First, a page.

Editor’s note: This month’s article showcases the unique fuel system our Project Unfair Camaro will need to power a 1,400hp monster while still being street-friendly, serviceable, and reliable. The tank fabrication takes place in John Parsons’ small shop near Orlando, Florida. —Jim Campisano
With Project Unfair, the drivetrain system is being asked to perform in many different ways: street driving, road racing, autocross, standing-mile, and drag racing. Each type has a unique set of requirements for maximum performance and reliability. This month’s article will focus on how to supply the engine with fuel using the latest in fuel delivery components and electronic control systems.
Project Unfair will cover the vast differences in operating environments that are needed in today’s high-horsepower, multi-use, pro-touring type cars—and then some. It will use very little fuel while cruising down the highway and idling but will need a very large amount of fuel when it comes time to make an 8-second quarter-mile pass or 200-plus-mph top-end run. It also needs to be able to perform well at lower fuel levels on a road or autocross course when the fuel sloshes from side to side.
On EFI cars, if the pump ever runs dry, the fuel pressure will fall and the engine will stop running. Under boost, the effects are much worse: Catastrophic engine damage can occur due to a lean condition. Keeping the engine supplied with enough fuel at all times is a must. Standard pump-on-a-stick or other aftermarket designs just won’t do for Unfair, nor will having it break down on the side of the road due to an overheated or vapor-locked fuel pump.
After battling various fuel-related problems over the years, car owners John Parsons and Frank Serafine (owner of Prodigy Customs) turned to VaporWorx, a new company dedicated to solving difficult fuel delivery problems.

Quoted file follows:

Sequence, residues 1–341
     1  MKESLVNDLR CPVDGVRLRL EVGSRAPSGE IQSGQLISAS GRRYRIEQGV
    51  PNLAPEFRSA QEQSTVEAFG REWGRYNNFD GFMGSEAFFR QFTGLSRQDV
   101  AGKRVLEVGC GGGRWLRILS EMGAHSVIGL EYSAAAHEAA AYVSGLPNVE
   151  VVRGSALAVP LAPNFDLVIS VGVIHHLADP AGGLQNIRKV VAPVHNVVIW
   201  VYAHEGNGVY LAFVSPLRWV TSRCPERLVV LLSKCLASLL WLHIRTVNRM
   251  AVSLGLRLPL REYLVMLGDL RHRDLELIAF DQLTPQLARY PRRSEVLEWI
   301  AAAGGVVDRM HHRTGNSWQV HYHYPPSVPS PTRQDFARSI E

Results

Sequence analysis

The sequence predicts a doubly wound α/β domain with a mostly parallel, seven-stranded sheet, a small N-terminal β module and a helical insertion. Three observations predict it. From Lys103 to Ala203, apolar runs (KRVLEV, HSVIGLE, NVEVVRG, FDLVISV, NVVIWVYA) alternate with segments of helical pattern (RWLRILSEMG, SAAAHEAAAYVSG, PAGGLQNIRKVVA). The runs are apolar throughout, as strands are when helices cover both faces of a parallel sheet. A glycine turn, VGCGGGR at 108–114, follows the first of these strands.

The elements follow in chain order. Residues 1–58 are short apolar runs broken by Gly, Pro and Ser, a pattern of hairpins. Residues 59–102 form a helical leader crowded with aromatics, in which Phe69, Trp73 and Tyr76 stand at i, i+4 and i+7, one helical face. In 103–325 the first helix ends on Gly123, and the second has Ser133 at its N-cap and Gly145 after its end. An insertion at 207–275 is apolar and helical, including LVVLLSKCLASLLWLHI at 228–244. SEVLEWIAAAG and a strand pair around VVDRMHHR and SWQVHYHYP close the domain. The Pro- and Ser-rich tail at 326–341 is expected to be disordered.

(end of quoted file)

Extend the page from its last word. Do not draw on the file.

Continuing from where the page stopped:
Borrowing the technology of today’s supercars, Unfair will be using dual Cadillac CTS-V fuel modules to do the pumping. The fuel module is an integrated fuel pump and surge reservoir. When fuel runs away from the module during hard cornering, the reservoir keeps the pumps submerged in fuel. A series of venturi pumps draw in fuel from the main tank to keep the reservoir full and overflowing with cool fuel. The modules are spring pre-loaded to the bottom of the tank so the venturi pumps can capture all of the available fuel in the main tank.
The supercharged engine in Unfair will also require a method to increase fuel pressure as boost rises. As manifold pressure increases, it pushes against the fuel injector outlet, reducing the amount of fuel coming out of the injector. The more boost from the supercharger, the harder the fuel system has to work to overcome manifold pressure to inject fuel into the intake port. The pressure range from idle to full boost could be more than 30 psi: from negative 14 psi at full engine vacuum to more than positive 16 psi at full boost. It’s a significant problem because the more boost there is, the more fuel the engine needs.
In order to keep the pressure across the injector constant, a rising-rate fuel pressure system is used. This is usually done with a mechanical fuel pressure regulator, but for Unfair a VaporWorx system will be used to control the speed of the fuel pumps and maintain proper fuel pressure.
Using a combination of MAP and fuel pressure data, the electronic systems will change the speed of the fuel pumps to maintain the necessary fuel pressure. This reduces the amount of heat added to the fuel load, increases the fuel pump life, and reduces electrical power demands. During cruise conditions the pumps will need 2-3 amps with an average output voltage of 6V (see sidebar), and they will consume 15-20 amps at an output voltage of 13V at full boogie.